Tuesday, September 2, 2014

Florida Football And Its Leading Offenses


Life by the beach inspires an array of styles, not least of which is the irrepressible Hawaiian shirt. It’s an item that not only conjures the islands, but also California surfing, Miami boardwalks, and Andy Reid at the post-game podium.

For every elaborate floral print—and apologetic head coach—however, there’s a slick suit, and in a subtropical climate like Florida, there’s something both wildly insane and wonderfully cool about that. Of course, the man that made the suit-loose-tie combo iconic in the Sunshine State was Frank Sinatra, and to this day, the Chairman is the benchmark for making impossibly stylish sartorial moves.

Speaking of which, pro football’s three Floridian teams have also been daring to dream of greatness, if not on the sporting field then en route to it. For these clubs, 2014 might be highlighted by colorful runs from the locker room more so than actual footballing prowess. Still, in some circles, like club marketing meetings and around pro shop water-coolers, this might be a thrilling season. Indeed fashion, like football, is all about your perspective.



Which brings me to the latest ensembles of the Tampa Bay Buccaneers, Miami Dolphins and Jacksonville Jaguars, teams known for sun splashed decals. In the case of the Bucs, it’s not that their new unis are lacking pizazz, but more so that the team's brand and heritage has been put to the sword. Since the NFL banned the club from wearing its vintage creamsicle collection (due to nonsensical concerns over ill-fitted helmet switches), we don’t see it anymore. Instead, we’re faced with the bold red and beautiful pewter combination—now accompanied by an enlarged helmet logo—which is in its own way striking, and certainly useful to people short of sight.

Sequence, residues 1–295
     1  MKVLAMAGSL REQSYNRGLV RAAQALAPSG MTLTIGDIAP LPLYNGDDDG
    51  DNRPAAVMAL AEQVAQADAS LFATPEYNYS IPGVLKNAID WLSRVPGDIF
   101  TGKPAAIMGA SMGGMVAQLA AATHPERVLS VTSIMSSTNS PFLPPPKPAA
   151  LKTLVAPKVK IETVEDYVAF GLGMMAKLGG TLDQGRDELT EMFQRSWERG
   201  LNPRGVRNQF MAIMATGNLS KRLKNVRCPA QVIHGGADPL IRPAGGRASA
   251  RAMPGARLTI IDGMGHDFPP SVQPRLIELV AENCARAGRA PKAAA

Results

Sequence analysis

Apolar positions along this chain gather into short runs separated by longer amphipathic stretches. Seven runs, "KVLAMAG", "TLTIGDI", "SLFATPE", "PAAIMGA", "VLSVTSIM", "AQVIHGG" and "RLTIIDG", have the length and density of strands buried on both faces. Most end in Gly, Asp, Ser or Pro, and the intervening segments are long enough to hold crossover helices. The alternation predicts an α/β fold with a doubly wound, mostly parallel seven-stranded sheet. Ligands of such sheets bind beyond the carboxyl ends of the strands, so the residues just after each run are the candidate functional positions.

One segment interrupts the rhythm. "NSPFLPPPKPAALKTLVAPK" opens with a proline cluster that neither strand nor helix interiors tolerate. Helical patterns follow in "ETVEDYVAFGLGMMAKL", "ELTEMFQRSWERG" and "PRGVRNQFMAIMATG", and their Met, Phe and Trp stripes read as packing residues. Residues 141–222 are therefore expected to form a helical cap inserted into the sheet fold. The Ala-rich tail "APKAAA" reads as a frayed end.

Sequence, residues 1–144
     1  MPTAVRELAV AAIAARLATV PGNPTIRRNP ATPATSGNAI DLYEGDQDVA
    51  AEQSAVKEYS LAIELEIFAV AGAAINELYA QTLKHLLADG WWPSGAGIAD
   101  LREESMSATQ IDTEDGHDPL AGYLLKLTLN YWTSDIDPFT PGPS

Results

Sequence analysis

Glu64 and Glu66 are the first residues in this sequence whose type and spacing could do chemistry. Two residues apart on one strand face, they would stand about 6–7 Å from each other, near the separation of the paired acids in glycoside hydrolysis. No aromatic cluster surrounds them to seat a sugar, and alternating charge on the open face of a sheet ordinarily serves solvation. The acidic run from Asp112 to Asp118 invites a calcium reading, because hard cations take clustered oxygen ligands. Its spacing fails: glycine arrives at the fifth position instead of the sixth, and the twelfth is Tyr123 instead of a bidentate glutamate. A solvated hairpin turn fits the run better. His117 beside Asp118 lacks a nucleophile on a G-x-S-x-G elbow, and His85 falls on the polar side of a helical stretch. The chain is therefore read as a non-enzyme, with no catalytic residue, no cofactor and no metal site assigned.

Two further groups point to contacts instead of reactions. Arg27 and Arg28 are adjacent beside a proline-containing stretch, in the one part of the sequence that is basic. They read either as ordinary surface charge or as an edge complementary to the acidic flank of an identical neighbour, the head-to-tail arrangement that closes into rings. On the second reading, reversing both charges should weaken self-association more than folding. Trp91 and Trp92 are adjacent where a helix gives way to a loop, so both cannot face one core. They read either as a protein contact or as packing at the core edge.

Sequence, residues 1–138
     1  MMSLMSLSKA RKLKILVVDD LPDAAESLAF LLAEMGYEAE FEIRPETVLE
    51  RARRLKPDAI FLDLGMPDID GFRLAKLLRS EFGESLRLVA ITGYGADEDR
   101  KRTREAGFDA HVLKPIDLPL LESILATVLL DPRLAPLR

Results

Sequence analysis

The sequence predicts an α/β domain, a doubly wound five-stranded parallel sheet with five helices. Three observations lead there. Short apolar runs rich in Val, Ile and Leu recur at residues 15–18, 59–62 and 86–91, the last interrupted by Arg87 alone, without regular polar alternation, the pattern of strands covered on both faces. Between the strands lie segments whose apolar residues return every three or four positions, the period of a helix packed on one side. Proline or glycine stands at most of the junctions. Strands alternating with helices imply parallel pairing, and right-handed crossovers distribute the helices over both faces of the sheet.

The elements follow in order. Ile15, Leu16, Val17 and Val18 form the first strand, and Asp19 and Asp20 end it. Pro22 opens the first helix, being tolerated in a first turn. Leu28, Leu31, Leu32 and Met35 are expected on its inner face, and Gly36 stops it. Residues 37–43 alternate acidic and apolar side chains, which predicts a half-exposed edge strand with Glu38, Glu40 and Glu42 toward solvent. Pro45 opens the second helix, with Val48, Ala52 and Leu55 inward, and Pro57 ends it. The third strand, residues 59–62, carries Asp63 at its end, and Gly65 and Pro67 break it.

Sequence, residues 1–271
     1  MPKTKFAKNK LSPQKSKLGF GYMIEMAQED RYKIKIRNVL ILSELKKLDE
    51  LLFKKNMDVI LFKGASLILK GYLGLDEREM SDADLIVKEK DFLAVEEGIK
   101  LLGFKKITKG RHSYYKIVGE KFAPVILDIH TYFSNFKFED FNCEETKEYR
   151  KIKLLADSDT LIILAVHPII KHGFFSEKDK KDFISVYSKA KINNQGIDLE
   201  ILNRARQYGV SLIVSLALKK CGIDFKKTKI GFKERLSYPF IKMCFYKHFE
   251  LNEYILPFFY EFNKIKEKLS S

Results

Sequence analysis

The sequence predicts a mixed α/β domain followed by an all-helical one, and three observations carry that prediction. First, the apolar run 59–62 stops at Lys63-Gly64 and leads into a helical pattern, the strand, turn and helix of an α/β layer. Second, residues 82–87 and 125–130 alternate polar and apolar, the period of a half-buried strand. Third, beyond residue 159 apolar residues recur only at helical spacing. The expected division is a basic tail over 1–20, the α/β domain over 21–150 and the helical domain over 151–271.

Then there's the Dolphins, who have gone from their famed aqua to a distinctly brighter blue, and more notably, from a cartoon dolphin wearing a helmet to a sleeker elongated version completely void of protective head wear. What would Ol' Blue Eyes say? This proved a difficult adjustment for many among the Miami faithful, because the club's most iconic images are those awash with its venerable branding, that of Strock, Griese, Csonka, the Killer Bs, Duper, Mercury and Marino. You simply can't erase a winning formula. Well, you can, you just need a 40 year buffer since the last major success.

Finally, Jacksonville's new two-tone helmet is really quite astonishing. Did they run out of gold sharpies or something? I'm just not sure what to make of the whole amalgam, which seems more confused than Senator Keely in South Beach. When they called it the bold new city of the south, they weren't messing around, huh?



Now none of these designs are offensive as such, it's just that they defy tradition. And if we start neglecting NFL traditions, then what do we have? That's right, an even grizzlier version of Coach Ditka. And nobody wants that. So the only way to subdue the poked bear is to get Errol Flynn back on the side of Tampa's hat, demand that Flipper straps up, and have the Jags revert to their all black dome. Anything less than these moves would be akin to Colin Farrell trying to be Don Johnson, the ultimate of Floridian vices.



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